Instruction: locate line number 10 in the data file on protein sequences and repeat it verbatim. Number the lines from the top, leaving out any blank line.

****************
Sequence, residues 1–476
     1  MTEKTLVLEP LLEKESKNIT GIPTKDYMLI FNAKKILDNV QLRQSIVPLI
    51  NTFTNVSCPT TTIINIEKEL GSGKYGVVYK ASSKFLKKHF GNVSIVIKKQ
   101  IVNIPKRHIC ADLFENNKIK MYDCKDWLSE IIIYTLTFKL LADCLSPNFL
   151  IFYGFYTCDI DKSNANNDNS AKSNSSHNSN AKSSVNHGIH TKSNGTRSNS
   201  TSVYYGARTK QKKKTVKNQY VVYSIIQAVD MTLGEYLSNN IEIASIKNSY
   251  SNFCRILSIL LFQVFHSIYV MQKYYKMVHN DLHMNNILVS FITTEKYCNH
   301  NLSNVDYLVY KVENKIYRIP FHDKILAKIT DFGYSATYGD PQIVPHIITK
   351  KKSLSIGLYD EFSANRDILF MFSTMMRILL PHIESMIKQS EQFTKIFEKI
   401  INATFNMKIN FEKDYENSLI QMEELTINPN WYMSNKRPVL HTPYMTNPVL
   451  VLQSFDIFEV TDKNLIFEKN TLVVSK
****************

   401  INATFNMKIN FEKDYENSLI QMEELTINPN WYMSNKRPVL HTPYMTNPVL